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Winter Leadership Conference | December 5-7 | Rancho Palos Verdes , CA Register Today View Schedule



Event Information 277351

Monday, November 11

7:30-8:30 a.m.

Continental Breakfast and Registration

8:30-8:45 a.m.

Welcoming Remarks

Hon. Mark A. Randon

U.S. Bankruptcy Court (E.D. Mich.); Detroit

8:45-10:15 a.m.

Opening Plenary Session

ABI’s Commission on Consumer Bankruptcy

Alane A. Becket

Becket & Lee LLP; Malvern, Pa.

Ariane Holtschlag

The Law Office of William J. Factor, Ltd.; Chicago, Ill.

Richardo I. Kilpatrick

Kilpatrick & Associates, P.C.; Auburn Hills, Mich.

Hon. Eugene R. Wedoff (ret.)

Oak Park, Ill.

10:15-10:30 a.m.

Refreshment Break

10:30-11:45 a.m.

Concurrent Sessions (3)

Mental Health Issues

Financial difficulties, especially bankruptcy, are among the most traumatic events an individual can experience. This session will focus on some of the mental health issues that can arise when advising clients with financial difficulties, and in filing and going through bankruptcy. How do mental health issues influence consumer credit choices? What resources are available for you to refer to your clients to help them cope with financial difficulties and bankruptcy? How do mental health issues impact a debtor’s ability to obtain a discharge of student loans? What legal standing must be shown to take action on behalf of a mentally ill individual who is either filing a bankruptcy case or is a debtor in a pending case? What are the best practices for interacting with debtors who have mental health issues?

Chief Judge Scott W. Dales

U.S. Bankruptcy Court (W.D. Mich.); Grand Rapids

Dr. Barika M. Butler

Detroit Wayne Mental Health Authority; Detroit

Erika D. Hart

Taunt Law Firm; Birmingham, Mich.

Hon. Terrance A. Keith

Wayne County Probate Court; Detroit

Dealing with Co-Owners of Bankruptcy Estate Property

Many bankruptcy cases have property that is partly owned by the debtor and partly owned by a nondebtor. This session will address some of the issues that can arise for debtors, creditors and trustees in these circumstances. Can a chapter 7 trustee administer property that is co-owned by a nondebtor? Under what circumstances can such property be partitioned? What steps can a nondebtor co-owner take to protect his or her interest in estate property? What about equitable title vs. legal title? What rights does the nonfiling co-debtor have? When does the co-debtor stay apply? How does having parents on property/bank accounts impact the debtor and the bankruptcy estate?

Chief Judge Phillip J. Shefferly

U.S. Bankruptcy Court (E.D. Mich.); Detroit

Charles D. Bullock

Stevenson & Bullock PLC; Southfield, Mich.

Kimberly R. Clayson

Clayson, Schneider Miller; Detroit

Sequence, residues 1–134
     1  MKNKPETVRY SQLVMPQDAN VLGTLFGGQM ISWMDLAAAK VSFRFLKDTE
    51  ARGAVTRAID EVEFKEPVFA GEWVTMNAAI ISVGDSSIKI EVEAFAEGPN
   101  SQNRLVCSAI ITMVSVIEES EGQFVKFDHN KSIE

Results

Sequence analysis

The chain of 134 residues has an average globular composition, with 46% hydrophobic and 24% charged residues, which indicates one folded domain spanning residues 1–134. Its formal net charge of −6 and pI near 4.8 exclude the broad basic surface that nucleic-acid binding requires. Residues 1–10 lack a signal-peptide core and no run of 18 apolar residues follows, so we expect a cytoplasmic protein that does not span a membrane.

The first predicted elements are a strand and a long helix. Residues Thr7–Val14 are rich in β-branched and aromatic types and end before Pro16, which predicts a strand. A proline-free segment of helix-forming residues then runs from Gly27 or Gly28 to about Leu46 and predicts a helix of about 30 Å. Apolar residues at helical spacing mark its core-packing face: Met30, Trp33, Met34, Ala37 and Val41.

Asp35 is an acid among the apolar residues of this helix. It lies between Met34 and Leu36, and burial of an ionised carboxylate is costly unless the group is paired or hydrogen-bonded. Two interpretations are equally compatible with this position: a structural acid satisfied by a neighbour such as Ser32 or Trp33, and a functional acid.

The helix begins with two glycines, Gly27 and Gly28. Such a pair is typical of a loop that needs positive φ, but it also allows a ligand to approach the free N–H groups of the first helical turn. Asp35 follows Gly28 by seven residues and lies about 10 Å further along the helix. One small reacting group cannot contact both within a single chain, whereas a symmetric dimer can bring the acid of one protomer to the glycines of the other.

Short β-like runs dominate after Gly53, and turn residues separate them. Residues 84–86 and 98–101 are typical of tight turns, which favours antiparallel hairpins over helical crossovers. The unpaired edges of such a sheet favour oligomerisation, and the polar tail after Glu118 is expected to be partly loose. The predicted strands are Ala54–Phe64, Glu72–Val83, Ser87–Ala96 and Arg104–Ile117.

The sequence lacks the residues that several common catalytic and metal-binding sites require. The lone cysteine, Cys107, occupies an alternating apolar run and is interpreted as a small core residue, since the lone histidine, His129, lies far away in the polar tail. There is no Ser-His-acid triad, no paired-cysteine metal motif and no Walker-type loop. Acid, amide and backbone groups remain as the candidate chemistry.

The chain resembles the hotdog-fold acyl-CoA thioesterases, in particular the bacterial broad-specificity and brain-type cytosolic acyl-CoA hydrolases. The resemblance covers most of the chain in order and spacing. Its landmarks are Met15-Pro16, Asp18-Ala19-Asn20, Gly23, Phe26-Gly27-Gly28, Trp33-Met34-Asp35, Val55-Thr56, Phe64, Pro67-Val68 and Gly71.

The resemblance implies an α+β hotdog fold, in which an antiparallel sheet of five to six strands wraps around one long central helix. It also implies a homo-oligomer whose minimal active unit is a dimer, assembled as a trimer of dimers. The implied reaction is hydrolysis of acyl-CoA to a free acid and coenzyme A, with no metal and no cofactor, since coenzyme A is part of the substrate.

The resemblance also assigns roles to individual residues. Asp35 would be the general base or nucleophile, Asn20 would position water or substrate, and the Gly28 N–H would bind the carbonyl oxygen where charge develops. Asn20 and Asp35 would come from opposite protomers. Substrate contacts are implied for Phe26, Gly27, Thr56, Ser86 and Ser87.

Tricia S. Terry

Marrs & Terry, PLLC; Ann Arbor, Mich.

Bankruptcy and State Law: Like Oil and Water?

This session will focus on the interplay between bankruptcy law and state law. How is a bankruptcy case impacted? How is a state court matter impacted? How do you handle matters that involve other areas of the law? How does a divorce, probate or condo issue affect the bankruptcy case? How and when do you retain nonbankruptcy professionals to assist with state law matters? How do you address pre-petition or post-petition Code violations from a municipality? If the potential client (pre-filing) becomes incapacitated, can that incapacitated individual file bankruptcy? If the debtor is unable to testify at his or her § 341 meeting, can someone else testify for them? When can budget and credit counseling and personal financial management courses be excused?

Hon. Maria L. Oxholm

U.S. Bankruptcy Court (E.D. Mich.); Detroit

Brett A. Border

The Law Office of Brett Border, PLLC; Southfield, Mich.

Melissa D. Francis

Zelmanski, Danner & Fioritto, PLLC; Plymouth, Mich.

Andrew C. Thompson

Poznak Dyer Kanar Schefsky Thompson PLC; Midland, Mich.

11:45 a.m.-12:45 p.m.

Veterans Day Tribute and Networking Luncheon

12:50-2:00 p.m.

Concurrent Sessions (3)

Legislative Update: Student Loans, Small Business Bankruptcy Bill and More

This session will focus on pending legislation that may affect your practice, and on ABI’s latest recommendations regarding personal bankruptcies. What are the latest developments and strategies to address student loans? Is a legislative fix for the student loan crisis really in the works (H.R. 2366)? What would the small business bankruptcy bill do, and where does it stand? Will veterans' benefits become exempt from means testing? The session will also cover other notable legislative actions, as well as the key takeaways from the Final Report of the ABI Commission on Consumer Bankruptcy.

Hon. Daniel S. Opperman

U.S. Bankruptcy Court (E.D. Mich.); Bay City

Leo Foley

Bankruptcy Law Office; Flint, Mich.

Caralyce M. Lassner

Caralyce M. Lassner, JD; Rochester, Mich.

Charissa Potts

Freedom Law, PC; Grosse Pointe Park, Mich.

A Deep Dive on Important Bankruptcy Cases

This session will draw upon the immense popularity of the annual Case Law Update session, focusing on a handful of important bankruptcy cases that are sure to affect your consumer practice.

Hon. Jessica E. Price Smith

U.S. Bankruptcy Court (N.D. Ohio); Cleveland